Wednesday, November 9, 2016

River Otters in the Great Central Valley

Several times this year I have been lucky enough to see North American River Otters (Lontra canadensis) in both the San Joaquin and Tuolumne Rivers.  They have been too leery of me to allow for any great National Geographic quality photos (let's be honest, that's not entirely the otters' fault!) but I have gotten a few shots in which they are at least recognizable as river otters, not just obscure brown blobs on the riverbank!

River Otter along the banks of the Tuolumne River.

The presence of otters in our rivers is a wonderful thing.  As a top predator species in the ecosystem, river otters are often heralded as indicators of the health of the entire watershed.  Like their seafaring counterpart, California's Southern Sea Otter (Enhydra lutris nereis), the North American River Otter was once hunted extensively for it's thick pelt.  Where otters once thrived, over hunting, followed closely by habitat loss and degradation, has taken a toll on their populations.  As is the case with most aquatic (and semi-aquatic) species, water pollution is detrimental.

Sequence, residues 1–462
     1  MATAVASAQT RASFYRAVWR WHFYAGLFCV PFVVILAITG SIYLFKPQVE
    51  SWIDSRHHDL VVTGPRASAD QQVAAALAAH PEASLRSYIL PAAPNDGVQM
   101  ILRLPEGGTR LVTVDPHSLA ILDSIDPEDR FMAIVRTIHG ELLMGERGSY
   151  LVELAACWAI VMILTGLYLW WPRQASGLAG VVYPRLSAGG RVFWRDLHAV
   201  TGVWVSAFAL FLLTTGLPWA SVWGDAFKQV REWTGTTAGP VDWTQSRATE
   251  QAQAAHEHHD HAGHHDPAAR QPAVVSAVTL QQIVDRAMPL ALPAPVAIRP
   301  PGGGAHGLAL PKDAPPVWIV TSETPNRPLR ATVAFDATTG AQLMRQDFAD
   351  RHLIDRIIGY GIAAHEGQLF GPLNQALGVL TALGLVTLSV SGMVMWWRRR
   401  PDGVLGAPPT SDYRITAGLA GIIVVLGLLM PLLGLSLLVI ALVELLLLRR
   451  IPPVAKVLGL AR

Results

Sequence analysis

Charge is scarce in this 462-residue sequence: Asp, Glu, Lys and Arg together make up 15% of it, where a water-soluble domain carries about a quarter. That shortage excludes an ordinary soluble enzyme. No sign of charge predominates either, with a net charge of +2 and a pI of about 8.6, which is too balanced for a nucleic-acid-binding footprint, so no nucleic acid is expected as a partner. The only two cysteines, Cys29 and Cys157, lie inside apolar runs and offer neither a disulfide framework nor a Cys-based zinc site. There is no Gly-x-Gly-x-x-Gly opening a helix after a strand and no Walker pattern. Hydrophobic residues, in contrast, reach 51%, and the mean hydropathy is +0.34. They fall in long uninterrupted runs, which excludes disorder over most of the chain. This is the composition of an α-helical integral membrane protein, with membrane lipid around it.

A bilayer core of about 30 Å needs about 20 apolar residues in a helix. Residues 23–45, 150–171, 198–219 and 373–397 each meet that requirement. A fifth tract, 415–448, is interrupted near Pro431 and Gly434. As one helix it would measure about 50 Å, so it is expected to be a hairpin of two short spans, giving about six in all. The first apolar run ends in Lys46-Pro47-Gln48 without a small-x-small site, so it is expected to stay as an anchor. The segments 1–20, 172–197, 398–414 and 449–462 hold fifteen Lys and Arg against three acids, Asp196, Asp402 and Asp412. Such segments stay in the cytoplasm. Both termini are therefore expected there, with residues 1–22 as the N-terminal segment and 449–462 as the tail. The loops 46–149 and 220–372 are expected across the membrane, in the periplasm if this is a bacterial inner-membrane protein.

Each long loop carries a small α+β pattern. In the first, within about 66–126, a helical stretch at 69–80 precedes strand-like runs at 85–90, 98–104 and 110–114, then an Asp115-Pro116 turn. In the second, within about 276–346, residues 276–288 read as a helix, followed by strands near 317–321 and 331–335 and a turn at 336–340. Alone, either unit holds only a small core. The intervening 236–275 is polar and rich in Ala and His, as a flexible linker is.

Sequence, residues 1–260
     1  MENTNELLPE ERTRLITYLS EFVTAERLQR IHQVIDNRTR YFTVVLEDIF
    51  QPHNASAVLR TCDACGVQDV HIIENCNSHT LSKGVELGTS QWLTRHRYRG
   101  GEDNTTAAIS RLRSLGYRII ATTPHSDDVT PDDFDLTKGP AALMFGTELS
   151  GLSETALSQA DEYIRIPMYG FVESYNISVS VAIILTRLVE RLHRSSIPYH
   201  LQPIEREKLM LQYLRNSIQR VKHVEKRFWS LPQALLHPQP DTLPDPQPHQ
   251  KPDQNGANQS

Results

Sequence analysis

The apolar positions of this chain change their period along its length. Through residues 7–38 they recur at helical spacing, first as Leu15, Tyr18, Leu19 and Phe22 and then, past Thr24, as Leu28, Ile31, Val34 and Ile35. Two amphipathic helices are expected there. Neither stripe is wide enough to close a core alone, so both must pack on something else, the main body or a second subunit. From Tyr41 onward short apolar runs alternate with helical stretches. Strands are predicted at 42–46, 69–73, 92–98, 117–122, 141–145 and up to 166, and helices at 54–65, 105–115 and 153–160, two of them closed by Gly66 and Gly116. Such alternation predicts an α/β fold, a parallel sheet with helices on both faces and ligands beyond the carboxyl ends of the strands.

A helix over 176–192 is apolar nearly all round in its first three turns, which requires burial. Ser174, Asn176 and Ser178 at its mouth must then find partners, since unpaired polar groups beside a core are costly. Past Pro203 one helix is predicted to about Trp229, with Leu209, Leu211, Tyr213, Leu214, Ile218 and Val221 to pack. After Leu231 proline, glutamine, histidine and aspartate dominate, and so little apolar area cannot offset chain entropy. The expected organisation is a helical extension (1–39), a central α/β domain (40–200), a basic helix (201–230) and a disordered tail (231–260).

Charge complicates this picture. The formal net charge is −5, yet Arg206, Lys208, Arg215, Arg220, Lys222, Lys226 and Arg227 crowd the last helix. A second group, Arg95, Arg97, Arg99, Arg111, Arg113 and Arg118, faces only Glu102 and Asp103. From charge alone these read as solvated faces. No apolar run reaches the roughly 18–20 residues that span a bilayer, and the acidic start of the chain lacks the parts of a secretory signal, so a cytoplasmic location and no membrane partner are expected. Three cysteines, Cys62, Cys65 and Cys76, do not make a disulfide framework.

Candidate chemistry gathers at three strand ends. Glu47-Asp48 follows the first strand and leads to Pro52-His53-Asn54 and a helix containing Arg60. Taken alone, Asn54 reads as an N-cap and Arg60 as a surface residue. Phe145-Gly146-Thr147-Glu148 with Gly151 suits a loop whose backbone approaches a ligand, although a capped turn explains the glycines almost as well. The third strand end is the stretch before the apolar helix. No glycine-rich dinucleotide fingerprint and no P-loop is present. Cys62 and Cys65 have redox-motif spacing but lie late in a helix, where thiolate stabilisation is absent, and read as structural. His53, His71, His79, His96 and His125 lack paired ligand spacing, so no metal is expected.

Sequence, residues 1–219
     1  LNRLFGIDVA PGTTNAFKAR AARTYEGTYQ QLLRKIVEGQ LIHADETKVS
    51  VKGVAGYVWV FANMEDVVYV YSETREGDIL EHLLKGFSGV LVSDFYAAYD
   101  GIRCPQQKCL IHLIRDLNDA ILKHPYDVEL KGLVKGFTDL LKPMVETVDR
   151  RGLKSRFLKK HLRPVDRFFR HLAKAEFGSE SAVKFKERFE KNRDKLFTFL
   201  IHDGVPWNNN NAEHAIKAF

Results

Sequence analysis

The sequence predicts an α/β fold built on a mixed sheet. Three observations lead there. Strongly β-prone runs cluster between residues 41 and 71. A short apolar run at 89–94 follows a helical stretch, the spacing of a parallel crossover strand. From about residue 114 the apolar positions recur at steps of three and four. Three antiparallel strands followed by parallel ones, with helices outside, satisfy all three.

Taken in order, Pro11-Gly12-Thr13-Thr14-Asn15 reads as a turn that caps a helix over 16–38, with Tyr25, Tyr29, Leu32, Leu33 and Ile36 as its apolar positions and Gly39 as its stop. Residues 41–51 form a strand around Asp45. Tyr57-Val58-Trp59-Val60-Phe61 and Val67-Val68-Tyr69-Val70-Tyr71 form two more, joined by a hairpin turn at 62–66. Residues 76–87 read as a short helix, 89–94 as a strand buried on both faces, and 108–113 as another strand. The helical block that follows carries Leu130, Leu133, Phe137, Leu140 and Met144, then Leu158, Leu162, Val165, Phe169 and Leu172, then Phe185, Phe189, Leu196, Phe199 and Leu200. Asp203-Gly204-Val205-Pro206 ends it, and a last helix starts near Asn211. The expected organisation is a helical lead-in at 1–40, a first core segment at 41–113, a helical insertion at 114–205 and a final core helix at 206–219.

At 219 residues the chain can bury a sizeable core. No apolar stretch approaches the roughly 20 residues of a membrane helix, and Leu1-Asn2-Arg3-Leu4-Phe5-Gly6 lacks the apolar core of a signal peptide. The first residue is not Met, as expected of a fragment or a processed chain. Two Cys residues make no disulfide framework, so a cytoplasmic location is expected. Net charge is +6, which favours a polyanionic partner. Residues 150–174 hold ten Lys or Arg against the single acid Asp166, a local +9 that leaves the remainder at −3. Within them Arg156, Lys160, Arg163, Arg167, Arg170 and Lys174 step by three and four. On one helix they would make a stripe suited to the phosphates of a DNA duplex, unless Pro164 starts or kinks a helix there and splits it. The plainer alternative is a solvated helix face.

River otter along the sandy bank of the San Joaquin River

Only recently, river otters have been making a remarkable comeback in the watersheds of the San Francisco Bay Area.  For more information on the valuable (and cute) North American River Otter, specifically their presence in the Bay Area, check out The River Otter Ecology Project's Website.

No comments:

Post a Comment